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Australia’s Ewan wins 7th stage of Giro; Jungels keeps lead

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ALBEROBELLO, Italy —¬†After three top-10 finishes in the opening week, Caleb Ewan of Australia finally won a stage in the Giro d’Italia on Friday.

The Australian rider with the Orica Scott team claimed Stage 7 in a sprint finish for his first career Giro victory while Bob Jungels held on to the pink jersey.

Ewan finished half a wheel ahead of Colombian rider Fernando Gaviria to erase memories of his second-place result in Stage 1 and ninth- and eighth-place finishes in Stages 2 and 3, respectively.

“It feels so good after the first few disappointments I’ve had. I don’t think I’ve felt so good before,” Ewan said.

Ewan also won a stage in the Spanish Vuelta two years ago.

Sam Bennett of Ireland crossed third while sprinting standout Andre Greipel was fourth after the mainly flat but lengthy 224-kilometer (139-mile) route from Castrovillari to Alberobello, which featured an undulating final 40 kilometers.

Jungels, of Luxembourg, maintained his six-second advantage over Geraint Thomas of Wales. Fellow Briton Adam Yates remained four seconds further back, with most of the overall favorites.

“It’s not a disappointment for our team to not win with Fernando Gaviria today, because he did a great sprint and the team helped him,” Jungels said. “It’s no shame to lose against Caleb Ewan who is very fast.”

Located in the southern region of Puglia, Alberobello is known for its trullo dwellings made from white limestone with conical roofs, and is designated a World Heritage site.

The stage began in the Calabria region and three riders – Simone Ponzi, Dmitriy Kozontchuk and Giuseppe Fonzi – broke away from the pack almost immediately. Ponzi quickly had a mechanical problem, leaving Kozontchuk and Fonzi at the front.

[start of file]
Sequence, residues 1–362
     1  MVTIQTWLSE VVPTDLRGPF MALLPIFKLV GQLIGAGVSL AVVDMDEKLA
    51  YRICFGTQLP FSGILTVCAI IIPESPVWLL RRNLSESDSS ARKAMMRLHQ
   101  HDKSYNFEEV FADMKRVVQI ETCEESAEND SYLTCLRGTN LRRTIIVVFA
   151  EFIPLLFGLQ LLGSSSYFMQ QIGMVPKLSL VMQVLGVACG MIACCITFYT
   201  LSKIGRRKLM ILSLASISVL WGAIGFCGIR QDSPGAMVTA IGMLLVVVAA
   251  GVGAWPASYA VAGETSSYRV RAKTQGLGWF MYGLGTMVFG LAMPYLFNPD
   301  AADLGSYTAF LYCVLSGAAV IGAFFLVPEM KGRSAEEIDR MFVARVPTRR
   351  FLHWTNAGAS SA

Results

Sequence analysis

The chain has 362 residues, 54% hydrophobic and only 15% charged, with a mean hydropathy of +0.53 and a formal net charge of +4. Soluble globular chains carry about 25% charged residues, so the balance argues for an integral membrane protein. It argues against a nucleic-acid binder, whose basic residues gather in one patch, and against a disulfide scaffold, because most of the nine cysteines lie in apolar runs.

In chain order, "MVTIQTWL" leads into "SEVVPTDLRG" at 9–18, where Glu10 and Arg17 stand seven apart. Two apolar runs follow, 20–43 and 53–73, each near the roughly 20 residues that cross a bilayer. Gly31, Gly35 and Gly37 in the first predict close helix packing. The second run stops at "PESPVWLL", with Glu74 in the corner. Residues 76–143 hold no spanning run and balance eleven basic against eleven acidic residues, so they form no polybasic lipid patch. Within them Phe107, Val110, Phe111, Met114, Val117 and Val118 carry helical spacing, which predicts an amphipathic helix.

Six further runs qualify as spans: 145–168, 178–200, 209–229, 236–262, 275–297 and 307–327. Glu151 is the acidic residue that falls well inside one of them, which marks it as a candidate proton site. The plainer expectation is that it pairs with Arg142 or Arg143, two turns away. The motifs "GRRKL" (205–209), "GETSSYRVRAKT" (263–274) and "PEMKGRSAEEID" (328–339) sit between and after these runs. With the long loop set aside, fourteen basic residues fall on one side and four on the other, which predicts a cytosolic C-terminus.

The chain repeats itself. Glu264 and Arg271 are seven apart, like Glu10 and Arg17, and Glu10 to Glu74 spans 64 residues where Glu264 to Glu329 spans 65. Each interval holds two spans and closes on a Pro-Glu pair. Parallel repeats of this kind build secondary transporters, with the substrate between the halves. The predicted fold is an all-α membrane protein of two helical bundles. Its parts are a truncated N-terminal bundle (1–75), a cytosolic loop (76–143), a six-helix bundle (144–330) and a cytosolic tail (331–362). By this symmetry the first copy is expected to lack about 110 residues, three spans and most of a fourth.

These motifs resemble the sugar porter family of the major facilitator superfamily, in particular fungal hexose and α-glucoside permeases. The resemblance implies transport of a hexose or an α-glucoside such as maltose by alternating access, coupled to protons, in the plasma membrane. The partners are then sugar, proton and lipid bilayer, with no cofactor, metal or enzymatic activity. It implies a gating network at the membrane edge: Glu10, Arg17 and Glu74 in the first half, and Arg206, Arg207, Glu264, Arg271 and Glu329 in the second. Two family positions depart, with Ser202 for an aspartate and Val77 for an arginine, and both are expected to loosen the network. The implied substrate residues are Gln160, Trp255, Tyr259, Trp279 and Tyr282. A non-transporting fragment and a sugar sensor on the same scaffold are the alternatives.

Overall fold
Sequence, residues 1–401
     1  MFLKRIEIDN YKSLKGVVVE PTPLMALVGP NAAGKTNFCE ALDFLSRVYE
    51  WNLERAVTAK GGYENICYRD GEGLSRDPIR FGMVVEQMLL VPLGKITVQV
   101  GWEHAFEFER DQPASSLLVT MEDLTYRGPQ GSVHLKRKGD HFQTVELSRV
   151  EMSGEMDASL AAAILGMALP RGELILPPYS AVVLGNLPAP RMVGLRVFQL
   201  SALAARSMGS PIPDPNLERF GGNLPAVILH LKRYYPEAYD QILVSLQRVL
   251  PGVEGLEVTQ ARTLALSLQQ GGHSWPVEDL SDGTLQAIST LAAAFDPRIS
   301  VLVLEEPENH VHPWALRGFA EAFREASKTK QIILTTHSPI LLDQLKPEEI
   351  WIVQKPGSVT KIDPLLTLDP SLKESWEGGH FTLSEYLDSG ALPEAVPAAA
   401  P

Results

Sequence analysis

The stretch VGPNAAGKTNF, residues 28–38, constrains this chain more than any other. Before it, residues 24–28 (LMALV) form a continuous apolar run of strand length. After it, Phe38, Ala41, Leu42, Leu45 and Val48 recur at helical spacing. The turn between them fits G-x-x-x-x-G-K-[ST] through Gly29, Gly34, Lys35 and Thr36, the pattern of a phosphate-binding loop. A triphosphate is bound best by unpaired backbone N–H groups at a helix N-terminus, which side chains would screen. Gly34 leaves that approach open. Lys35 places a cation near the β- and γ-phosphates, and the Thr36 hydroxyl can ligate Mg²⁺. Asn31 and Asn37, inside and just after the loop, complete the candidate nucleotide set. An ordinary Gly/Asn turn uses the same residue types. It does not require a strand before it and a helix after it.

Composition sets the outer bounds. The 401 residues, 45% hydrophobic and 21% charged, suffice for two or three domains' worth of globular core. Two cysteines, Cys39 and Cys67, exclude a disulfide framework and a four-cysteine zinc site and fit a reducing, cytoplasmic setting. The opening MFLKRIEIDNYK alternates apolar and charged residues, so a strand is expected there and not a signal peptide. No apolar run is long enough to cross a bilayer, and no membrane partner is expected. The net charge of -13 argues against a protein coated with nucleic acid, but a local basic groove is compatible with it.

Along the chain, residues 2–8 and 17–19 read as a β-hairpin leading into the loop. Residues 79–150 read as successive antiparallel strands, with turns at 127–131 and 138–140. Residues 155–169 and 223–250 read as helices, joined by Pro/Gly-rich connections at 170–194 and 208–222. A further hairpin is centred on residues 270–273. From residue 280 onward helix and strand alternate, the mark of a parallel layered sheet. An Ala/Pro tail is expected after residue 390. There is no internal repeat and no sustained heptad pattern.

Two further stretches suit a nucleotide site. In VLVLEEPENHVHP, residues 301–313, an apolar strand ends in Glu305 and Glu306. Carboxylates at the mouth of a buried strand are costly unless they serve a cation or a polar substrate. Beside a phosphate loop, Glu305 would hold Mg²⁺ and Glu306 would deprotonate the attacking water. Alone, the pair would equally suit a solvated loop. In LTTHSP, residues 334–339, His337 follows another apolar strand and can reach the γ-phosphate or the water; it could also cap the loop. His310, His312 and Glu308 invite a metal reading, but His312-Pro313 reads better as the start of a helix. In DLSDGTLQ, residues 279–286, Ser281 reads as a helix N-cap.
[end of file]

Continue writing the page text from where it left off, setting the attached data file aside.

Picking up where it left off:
The duo swiftly built a lead of four minutes and stayed in front for five hours before being caught by the main pack with 18 kilometers to go.

There was little other excitement until Slovenian rider Kristijan Koren attacked on an uphill section shortly after the five-kilometer mark.

Team Sky quickly chased down Koren to protect Thomas’ position, then it was whittled down to only a handful of riders contesting the final sprint.

Ewan had the best line coming around the final corner and narrowly held off the charging Gaviria, while Greipel appeared to lack some energy.

“I had to do some work with three kilometers to go so I was a little tired for the sprint,” Ewan said. “But Luka (Mezgec) did a great lead out, so it was perfect.”

Jungels should face more of a test over the next two stages.

Stage 8 on Saturday is a 189-kilometer (117-mile) leg from Molfetta to Peschici that features a short, steep uphill finish. Then a serious climb to Blockhaus comes a day later.

“This year all the finals are tricky,” Jungels said of the concluding kilometers. “All day long it was pretty relaxed and then the last 10 kilometers were crazy.”

The 100th Giro ends in Milan on May 28.

French challenger Lappartient takes over as UCI president

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BERGEN, Norway — French official David Lappartient has beaten British incumbent Brian Cookson in a vote to become president of the International Cycling Union.

Lappartient, the European Cycling Union leader, won the vote 37-8 at the UCI’s annual congress.

Lappartient promised to “regain influence in the Olympic movement, where it has been losing ground.”

Track cycling at the 2020 Tokyo Olympics will be raced in a velodrome 130 kilometers (80 miles) outside the city, though two more medals were added in men’s and women’s Madison events.

Lappartient also promised to push for bans on some medications.

Elected in 2013 when cycling’s image was battered by doping scandals, Cookson told voters: “I’ve delivered change, I’ve restored the UCI’s credibility.”

Giro d’Italia to open 2018 race in Israel

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JERUSALEM — The Giro d’Italia cycling race will open next year’s event in Israel, marking the first time any leg of the sport’s Grand Tours will take place outside of Europe.

Race organizers say details of the exact route of the three-day leg in Israel will be announced next week. Italian and Israeli ministers will make the announcement, along with Spanish great Alberto Contador.

More than 175 of the world’s best cyclists will arrive in Israel for the race, one of cycling’s top three stage races along with the Tour de France and the Spanish Vuelta. For the first time in its 101-year history, the Giro will begin outside Europe.

Viewed by hundreds of millions across the globe, this will be the biggest sporting event ever held in Israel.